Morrow v. Colvin, No. 1:2016cv08430 - Document 37 (N.D. Ill. 2017)

Court Description: MEMORANDUM Opinion and Order Signed by the Honorable M. David Weisman on 9/20/2017. Mailed notice (ao,)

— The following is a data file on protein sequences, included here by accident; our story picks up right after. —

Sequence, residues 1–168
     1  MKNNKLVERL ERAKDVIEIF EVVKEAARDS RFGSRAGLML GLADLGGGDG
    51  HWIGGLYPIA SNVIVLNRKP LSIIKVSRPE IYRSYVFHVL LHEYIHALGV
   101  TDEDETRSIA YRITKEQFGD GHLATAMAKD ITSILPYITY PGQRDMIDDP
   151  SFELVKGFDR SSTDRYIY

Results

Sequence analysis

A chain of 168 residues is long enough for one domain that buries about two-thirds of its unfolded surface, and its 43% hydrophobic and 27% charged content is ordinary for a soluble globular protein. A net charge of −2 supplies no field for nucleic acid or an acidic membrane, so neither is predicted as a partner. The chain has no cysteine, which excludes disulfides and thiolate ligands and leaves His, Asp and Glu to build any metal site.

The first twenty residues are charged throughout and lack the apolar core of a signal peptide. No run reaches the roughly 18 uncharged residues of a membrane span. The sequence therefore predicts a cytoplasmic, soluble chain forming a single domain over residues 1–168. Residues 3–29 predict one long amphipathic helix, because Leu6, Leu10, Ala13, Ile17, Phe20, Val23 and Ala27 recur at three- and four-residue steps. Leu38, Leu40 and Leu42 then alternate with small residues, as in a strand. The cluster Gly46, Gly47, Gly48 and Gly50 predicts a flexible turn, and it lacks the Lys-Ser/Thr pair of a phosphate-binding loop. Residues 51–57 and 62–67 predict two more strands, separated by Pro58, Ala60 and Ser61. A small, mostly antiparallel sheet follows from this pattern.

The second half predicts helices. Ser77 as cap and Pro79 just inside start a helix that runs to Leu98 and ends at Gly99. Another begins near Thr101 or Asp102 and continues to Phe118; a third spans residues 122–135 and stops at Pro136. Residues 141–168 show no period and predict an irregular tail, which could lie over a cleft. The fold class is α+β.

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Morrow v. Colvin Doc. 37 UNITED STATES DISTRICT COURT FOR THE NORTHERN DISTRICT OF ILLINOIS EASTERN DIVISION FELICIA ANN MORROW, Plaintiff, v. NANCY A. BERRYHILL,1 Acting Commissioner of Social Security, Defendant. ) ) ) ) ) ) ) ) ) ) No. 16 C 8430 Magistrate Judge M. David Weisman MEMORANDUM OPINION AND ORDER Felicia Ann Morrow brings this action pursuant to 42 U.S.C. § 405(g) for judicial review of the Social Security Administration Commissioner’s decision denying her application for benefits. For the reasons set forth below, the Court reverses the Commissioner’s decision and remands this case for further proceedings. Background Plaintiff applied for benefits on July 5, 2012, alleging a disability onset date of June 1, 2012. (R. 103, 114.) Her application was initially denied on November 13, 2012, and again on reconsideration on May 31, 2013. (R. 114, 131.) Plaintiff requested a hearing, which was held by an Administrative Law Judge (“ALJ”) on October 17, 2014. (R. 34-102.) On February 27, 2015, the ALJ issued a decision finding plaintiff not disabled. (R. 13-28.) The Appeals Council declined to review the decision (R. 1-4), leaving the ALJ’s decision as the final decision of the 1 On January 23, 2017, Nancy A. Berryhill succeeded Carolyn W. Colvin as Acting Commissioner of Social Security. See (last visited Sept. 8, 2017). Accordingly, the Court substitutes Berryhill for Colvin pursuant to Federal Rule of Civil Procedure 25(d). Commissioner, reviewable by this Court pursuant to 42 U.S.C. § 405(g). See Villano v. Astrue, 556 F.3d 558, 561-62 (7th Cir. 2009). Discussion The Court reviews the ALJ’s decision deferentially, affirming if it is supported by “substantial evidence in the record,” i.e., “‘such relevant evidence as a reasonable mind might accept as adequate to support a conclusion.’” White v. Sullivan, 965 F.2d 133, 136 (7th Cir. 1992) (quoting Richardson v. Perales, 402 U.S. 389, 401 (1971)). “Although this standard is generous, it is not entirely uncritical,” and the case must be remanded if the “decision lacks evidentiary support.” Steele v. Barnhart, 290 F.3d 936, 940 (7th Cir. 2002). Under the Social Security Act, disability is defined as the “inability to engage in any substantial gainful activity by reason of any medically determinable physical or mental impairment which can be expected to result in death or which has lasted or can be expected to last for a continuous period of not less than 12 months.” 42 U.S.C. § 423(d)(1)(A). The regulations prescribe a five-part sequential test for determining whether a claimant is disabled. See 20 C.F.R. § 404.1520. The Commissioner must consider whether: (1) the claimant has performed any substantial gainful activity during the period for which she claims disability; (2) the claimant has a severe impairment or combination of impairments; (3) the claimant’s impairment meets or equals any listed impairment; (4) the claimant retains the residual functional capacity to perform her past relevant work; and (5) the claimant is able to perform any other work existing in significant numbers in the national economy. Id.; Zurawski v. Halter, 245 F.3d 881, 885 (7th Cir. 2001). The claimant bears the burden of proof at steps one through four. 20 C.F.R. § 404.1560(c)(2); Zurawski, 245 F.3d at 886. If that burden is met, at step five, the 2 burden shifts to the Commissioner to establish that the claimant is capable of performing work existing in significant numbers in the national economy. 20 C.F.R. § 404.1560(c)(2). At step one, the ALJ found that plaintiff had not engaged in substantial gainful activity since the application date. (R. 15.) At step two, the ALJ determined that plaintiff has the severe impairments of “left knee degenerative joint disease status post arthroscopic surgery; right knee degenerative joint disease; lumbar and thoracic degenerative joint disease; depression/posttraumatic stress disorder; pulmonary hypertension/hypertension; asthma, history of substance abuse, and obesity.” (Id.) At step three, the ALJ found that plaintiff does not have an impairment or combination of impairments that meet or medically equal the severity of one of the listed impairments. (R. 16.) At step four, the ALJ found that plaintiff cannot perform her past relevant work but has the residual functional capacity (“RFC”) to perform sedentary work, “understand, remember, and carry out simple work instructions[,] exercise simple workplace judgments[,] . . . [and] perform routine work involving no more than occasional decisions and . . . occasional contact with co-workers, supervisors, and the general public.” (R. 18, 26.) At step five, the ALJ determined that jobs exist in significant numbers in the national economy that plaintiff can perform, and thus she is not disabled. (R. 26-28.) Plaintiff contends that the ALJ’s RFC determination is erroneous because it does not account for her “moderate difficulties” in maintaining concentration, persistence or pace. (R. 18.) Presumably, the ALJ meant to address this issue by limiting plaintiff to “routine work” with occasional contact with others. (Id.) The Seventh Circuit has said, however, that “‘confining the claimant to simple, routine tasks and limited interactions with others [does not] adequately capture[] temperamental deficiencies and limitations in concentration, persistence, and pace.’” 3 Taylor v. Colvin, 829 F.3d 799, 802 (7th Cir. 2016) (quoting Yurt v. Colvin, 758 F.3d 850, 85859 (7th Cir. 2014)). The Commissioner’s attempt to distinguish the circumstances presented here from Seventh Circuit case law that dictates remand is unavailing. (Def.’s Mem. Supp. Mot. Summ. J., Dkt. 34 at 4.) The Commissioner acknowledges that cases such as O’Connor-Spinner v. Astrue, 627 F.3d 614 (7th Cir. 2010) suggest remand is appropriate, but attempts to differentiate this case by arguing that any deficiencies here are not fatal. We disagree. First, we see no reason why the general rule that all limitations regarding the plaintiff’s ability to concentrate should be included in the hypothetical posed to the VE was not followed here. Second, the Commissioner argues that plaintiff does not identify how any omissions in the VE’s assessment would have impacted the final RFC. But this argument effectively rearranges the applicable burden of proof, which would be error as well. Young v. Barnhart, 362 F.3d 995, 1004 (7th Cir. 2004). Thus, the case must be remanded for a new RFC determination. Plaintiff also argues that the ALJ erred in accepting the vocational expert’s (“VE’s”) testimony without an explanation of her methodology and production of the documents underlying it. The VE testified that plaintiff could work as: (1) a sorter, and that the number of such jobs in the local and national economies “reduced . . . to take into consideration the sit/stand option [in plaintiff’s RFC]” is 700 and 49,000, respectively; (2) an assembler, and that the number of such jobs, appropriately reduced, in the local and national economies is 1,600 and 53,000, respectively; and (3) a packer, and that the number of such jobs, appropriately reduced, in the local and national economies is 2,100 and 61,000, respectively. (R. 77-78.) The VE said the “numbers . . . come from United States Department of Labor and the U.S. Census Bureau” as well as her “professional experience and training of placing individuals in employment.” (R. 4 80.) The VE testified that her decision to reduce the government jobs numbers by fifty percent to account for the sit/stand option was “based on . . . what I see when I do job placement for my clients or when I do labor market surveys or applying for jobs for my clients.” (R. 80-81.) During the hearing, plaintiff’s representative questioned the reliability of the VE’s methodology and asked for production of the labor surveys on which her testimony was based (R. 81, 101), a request the VE ultimately rejected (R. 27.) Though an ALJ can depend on reliable VE testimony, and a VE is “free to give a bottom line, the data and reasoning underlying that bottom line must be available on demand if the claimant challenges the foundation of the vocational expert’s opinions.” McKinnie v. Barnhart, 368 F.3d 907, 911 (7th Cir. 2004) (per curiam) (quotations omitted). Such was the case here. Thus, the ALJ erred by refusing plaintiff’s request for production of the VE’s surveys.2 Plaintiff further contends that the ALJ erred by failing to obtain a medical opinion from a doctor who had reviewed the entire record. This was necessary, plaintiff says, because she submitted additional medical evidence, including two treating source opinions, after the agency reviewers opined on her condition. However, the ALJ was able to and did consider the additional medical evidence in making his determination. (See R. 25-26 (ALJ stating that he gave “limited weight” to the agency examiners’ determination that plaintiff had the RFC to do medium level work with certain restrictions because “the subsequent evidence shows [plaintiff] is more limited.”).) In fact, “[w]eighing conflicting evidence from medical experts . . . is exactly what [an] ALJ is required to do.” Young v. Barnhart, 362 F.3d 995, 1001 (7th Cir. 2004). Thus, the ALJ was not required to have a doctor opine on the conflicting medical evidence, and he was not “playing doctor” when he weighed it himself. 2 We are not persuaded by the Commissioner’s reliance on Britton v. Astrue, 521 F.3d 799 (7th Cir. 2008). (Def.’s Mem. Supp. Mot. Summ. J., Dkt. 34 at 6.) In Britton, the VE offered to produce the records on which she relied, but the claimant’s counsel refused the offer. In this case, no offer of production was ever made. 5 Plaintiff’s final argument is that the Appeals Council (“AC”) erred in refusing to consider evidence about available jobs that plaintiff submitted after the hearing. The regulation governing this issue was amended effective January 17, 2017. See 20 C.F.R. 404.970. Under both the former and current versions of the regulation, however, the AC is required to consider evidence submitted to it only if the evidence is “new” and “material.” Compare id., with 20 C.F.R. 404.970(b) (eff. to Jan. 16, 2017). As the Seventh Circuit has explained, however, the Court’s ability to review the AC’s decision “is dependent on the grounds on which the Council declined to grant plenary review.” Stepp v. Colvin, 795 F.3d 711, 722 (7th Cir. 2015). If the AC determined that the evidence plaintiff submitted was not “new and material” within the meaning of the regulation, the Court has “jurisdiction to review that conclusion for legal error.” Id. If the AC found that the evidence was new and material but denied review of the ALJ’s decision because the supplemented record did not show that the ALJ’s decision was contrary to the weight of the evidence, “the Council’s decision not to engage in plenary review is discretionary and unreviewable.” Id. (quotation omitted). In relevant part, the AC stated: “[W]e considered the reasons you disagree with the decision in the material listed in the enclosed Order . . . . We found that this information does not provide a basis for changing the [ALJ’s] decision.” (R. 2.) The Seventh Circuit has interpreted similar language to mean that the AC did not find the supplementary evidence to be new and material, a conclusion this Court can review. Id. Evidence is “new,” within the meaning of the regulation, if it was “not in existence or available to the claimant at the time of the administrative proceeding,” and “material” “if it creates a reasonable probability that the Commissioner would have reached a different conclusion had the evidence been considered.” Stepp, 795 F.3d at 725-26 (quotations omitted). 6 Though the jobs data plaintiff submitted existed at the time of the hearing, she contends that it should nonetheless be considered “new” evidence because she did not know until the ALJ denied her request for production of the VE’s surveys in his written decision that the evidence would be needed. The Court disagrees. First, the evidence does not fall within the plain meaning of the word “new” as it is used in the regulation. See id. Second, the evidence plaintiff submitted calls into question the VE’s testimony about the number of jobs available to plaintiff. Immediately after the VE testified, plaintiff could have asked the ALJ for permission to submit additional jobs data for his consideration before he issued his opinion. Her failure to do so does not make existing evidence “new,” and therefore the AC’s failure to consider it was not error. Conclusion For the reasons set forth above, the Court denies the Commissioner’s motion for summary judgment [33], reverses the decision of the Commissioner, and remands this case for further proceedings consistent with this Memorandum Opinion and Order. SO ORDERED. ENTERED: September 20, 2017 _________________________________ M. David Weisman United States Magistrate Judge 7